In the American marketplace, the legendary automotive importer Max Hoffman stood at the forefront of the imported small sports car rage that swept the nation in the 1950s. Thanks largely to his singular efforts and his uncanny knowledge of the target clientele’s preferences, a small but formidable sports car company from Germany rose to prominence across the pond. Between 1948 and 1965, more than 76,000 Porsche 356s of all engine and body configurations were produced, and a sizable number of them were exported to the vital U.S. market, without which, Porsche might not have survived and thrived in the way that it did and continues to well into the 21st century.
With an unflappable performance oriented sports car engine, manual transmission, a finely-tuned suspension, and appealing aesthetics inside and out, there was little not to love in the 356’s overall package. From the outset of production, all iterations of this model could be had with a convertible roof of one sort or another that went down when weather permitted. Speedster production, encouraged by Hoffman, would only last a short while, but the production of Cabriolets lasted until nearly the end of the run. Yet a Porsche with a full convertible top would not return to the marketplace for another two decades.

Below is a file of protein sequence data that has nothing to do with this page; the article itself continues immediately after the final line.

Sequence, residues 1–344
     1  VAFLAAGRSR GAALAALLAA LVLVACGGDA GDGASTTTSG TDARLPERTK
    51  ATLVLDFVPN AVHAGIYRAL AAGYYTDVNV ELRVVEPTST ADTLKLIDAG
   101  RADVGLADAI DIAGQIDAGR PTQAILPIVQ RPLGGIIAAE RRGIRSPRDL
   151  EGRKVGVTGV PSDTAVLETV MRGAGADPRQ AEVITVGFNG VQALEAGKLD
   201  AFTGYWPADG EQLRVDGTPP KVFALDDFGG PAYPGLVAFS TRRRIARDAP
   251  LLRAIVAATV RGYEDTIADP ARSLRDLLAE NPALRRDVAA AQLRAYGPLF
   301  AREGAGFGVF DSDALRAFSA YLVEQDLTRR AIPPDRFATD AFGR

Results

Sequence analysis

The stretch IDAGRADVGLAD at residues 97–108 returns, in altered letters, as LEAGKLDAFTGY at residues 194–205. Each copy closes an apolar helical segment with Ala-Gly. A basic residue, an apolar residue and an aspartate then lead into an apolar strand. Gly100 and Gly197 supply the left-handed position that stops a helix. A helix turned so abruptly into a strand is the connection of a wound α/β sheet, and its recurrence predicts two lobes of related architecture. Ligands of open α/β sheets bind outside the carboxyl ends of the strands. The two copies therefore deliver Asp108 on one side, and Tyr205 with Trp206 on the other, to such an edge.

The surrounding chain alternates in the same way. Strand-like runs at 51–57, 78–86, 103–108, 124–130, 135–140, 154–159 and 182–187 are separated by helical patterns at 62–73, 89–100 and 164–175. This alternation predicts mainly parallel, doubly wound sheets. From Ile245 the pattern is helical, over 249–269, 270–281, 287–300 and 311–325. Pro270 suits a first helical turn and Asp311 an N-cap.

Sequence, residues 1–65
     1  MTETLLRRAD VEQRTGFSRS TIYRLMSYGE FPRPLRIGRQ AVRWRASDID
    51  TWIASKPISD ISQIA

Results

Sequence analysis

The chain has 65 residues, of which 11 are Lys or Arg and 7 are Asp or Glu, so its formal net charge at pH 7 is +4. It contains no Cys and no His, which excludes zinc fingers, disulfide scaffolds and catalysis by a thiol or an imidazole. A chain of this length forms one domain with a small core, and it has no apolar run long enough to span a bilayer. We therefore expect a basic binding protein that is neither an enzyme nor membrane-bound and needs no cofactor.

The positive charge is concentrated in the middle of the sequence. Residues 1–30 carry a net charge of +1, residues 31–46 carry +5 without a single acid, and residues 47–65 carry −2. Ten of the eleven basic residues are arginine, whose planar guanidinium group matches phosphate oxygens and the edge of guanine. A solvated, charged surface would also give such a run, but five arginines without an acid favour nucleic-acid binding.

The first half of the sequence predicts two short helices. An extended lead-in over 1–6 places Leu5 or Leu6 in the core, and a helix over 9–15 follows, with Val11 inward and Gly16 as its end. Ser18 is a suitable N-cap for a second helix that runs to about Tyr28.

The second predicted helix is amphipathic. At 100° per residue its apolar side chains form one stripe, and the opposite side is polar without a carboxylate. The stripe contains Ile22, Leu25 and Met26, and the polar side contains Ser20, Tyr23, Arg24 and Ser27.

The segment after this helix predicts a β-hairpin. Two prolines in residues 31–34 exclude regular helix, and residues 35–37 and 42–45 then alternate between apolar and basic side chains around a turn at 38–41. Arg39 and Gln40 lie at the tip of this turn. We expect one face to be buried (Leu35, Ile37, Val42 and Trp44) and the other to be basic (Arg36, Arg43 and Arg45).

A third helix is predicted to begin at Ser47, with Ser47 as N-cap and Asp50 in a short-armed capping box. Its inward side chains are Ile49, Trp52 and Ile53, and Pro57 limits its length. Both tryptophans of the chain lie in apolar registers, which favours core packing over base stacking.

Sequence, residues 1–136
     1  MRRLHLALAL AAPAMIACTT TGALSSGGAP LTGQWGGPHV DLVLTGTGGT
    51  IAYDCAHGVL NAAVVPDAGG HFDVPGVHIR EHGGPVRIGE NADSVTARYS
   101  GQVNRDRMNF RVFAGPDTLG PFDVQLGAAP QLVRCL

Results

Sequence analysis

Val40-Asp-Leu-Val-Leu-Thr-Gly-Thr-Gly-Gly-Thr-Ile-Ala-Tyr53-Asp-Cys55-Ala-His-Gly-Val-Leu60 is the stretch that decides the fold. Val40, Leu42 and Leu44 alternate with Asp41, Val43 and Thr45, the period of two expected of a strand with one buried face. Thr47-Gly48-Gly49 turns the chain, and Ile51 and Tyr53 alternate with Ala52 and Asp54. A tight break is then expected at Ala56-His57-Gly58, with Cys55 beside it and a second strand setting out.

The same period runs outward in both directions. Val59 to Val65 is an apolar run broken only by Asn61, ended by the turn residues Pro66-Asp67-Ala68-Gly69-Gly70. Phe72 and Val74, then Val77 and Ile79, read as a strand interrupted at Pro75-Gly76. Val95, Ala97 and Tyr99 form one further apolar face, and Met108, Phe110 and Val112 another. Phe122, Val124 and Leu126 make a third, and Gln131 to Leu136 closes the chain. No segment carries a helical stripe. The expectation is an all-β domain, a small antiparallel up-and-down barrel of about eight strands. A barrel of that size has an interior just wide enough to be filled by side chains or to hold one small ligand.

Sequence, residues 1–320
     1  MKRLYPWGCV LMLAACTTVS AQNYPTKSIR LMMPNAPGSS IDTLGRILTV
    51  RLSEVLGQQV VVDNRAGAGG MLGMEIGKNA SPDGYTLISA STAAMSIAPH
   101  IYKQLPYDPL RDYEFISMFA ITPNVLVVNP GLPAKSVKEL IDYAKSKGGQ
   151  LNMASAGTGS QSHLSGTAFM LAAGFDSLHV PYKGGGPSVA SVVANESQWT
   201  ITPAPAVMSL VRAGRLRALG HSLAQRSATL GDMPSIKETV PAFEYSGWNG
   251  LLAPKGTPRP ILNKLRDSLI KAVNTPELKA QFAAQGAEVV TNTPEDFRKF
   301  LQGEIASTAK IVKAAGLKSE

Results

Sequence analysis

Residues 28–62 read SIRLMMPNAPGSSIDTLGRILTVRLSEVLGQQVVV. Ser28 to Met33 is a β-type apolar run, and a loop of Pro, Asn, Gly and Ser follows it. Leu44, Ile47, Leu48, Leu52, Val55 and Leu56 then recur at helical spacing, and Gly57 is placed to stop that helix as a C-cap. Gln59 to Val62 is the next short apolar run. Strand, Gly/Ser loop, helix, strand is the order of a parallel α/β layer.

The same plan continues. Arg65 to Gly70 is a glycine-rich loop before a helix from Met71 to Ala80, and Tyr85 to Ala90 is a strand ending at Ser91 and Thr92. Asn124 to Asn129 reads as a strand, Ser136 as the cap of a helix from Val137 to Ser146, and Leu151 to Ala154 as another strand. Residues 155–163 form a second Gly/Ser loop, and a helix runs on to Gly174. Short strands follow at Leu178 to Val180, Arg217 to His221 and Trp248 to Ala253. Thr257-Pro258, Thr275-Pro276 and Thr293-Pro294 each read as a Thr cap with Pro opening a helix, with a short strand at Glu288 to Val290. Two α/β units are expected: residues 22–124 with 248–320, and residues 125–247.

This very-fine and freshly-restored 1963 356B Super 90 Cabriolet is without a doubt a superb example that benefits from the desirable Super 90 engine. Originally finished in ivory with black leather, during restoration, the car was changed to lustrous black with a matching top over red leather. It sports a new German canvas roof that is correct to this Porsche’s vintage and the red leather, carpets, and other soft trim employed in the interior were all done to exacting quality. The spare tire, restored jack, and related tools for tire changing are all original. The car’s exterior trim is no different than the interior detailing; the chrome bumpers and polished trim were refinished and buffed to Concours standard.
The 90 horsepower engine is documented as originally installed in this car by the Porsche Kardex, or Certificate of Authenticity, indicating not only the unmolested history of this car but also that it began life as a Super 90. The owner did not neglect the car’s mechanical aspects either, as less than 500 miles ago, a complete rebuild of the engine was again carried out by its current Porsche specialist mechanic owner to include new pistons, new cylinders, new bearings, and a modern, high-technology balancing of the original flywheel, un-cut standard size crankshaft, and the new clutch pressure plate. Underneath and behind the wheels, new Bilstein shock absorbers and a fully-overhauled braking system ensure that handling acuity and stopping power will keep up with the peppy engine. Riding on period-correct new Michelin XZX radial tires, this Super 90 Cabriolet projects a stance of originality and is a tribute to the quality Porsche imbued into each and every 356.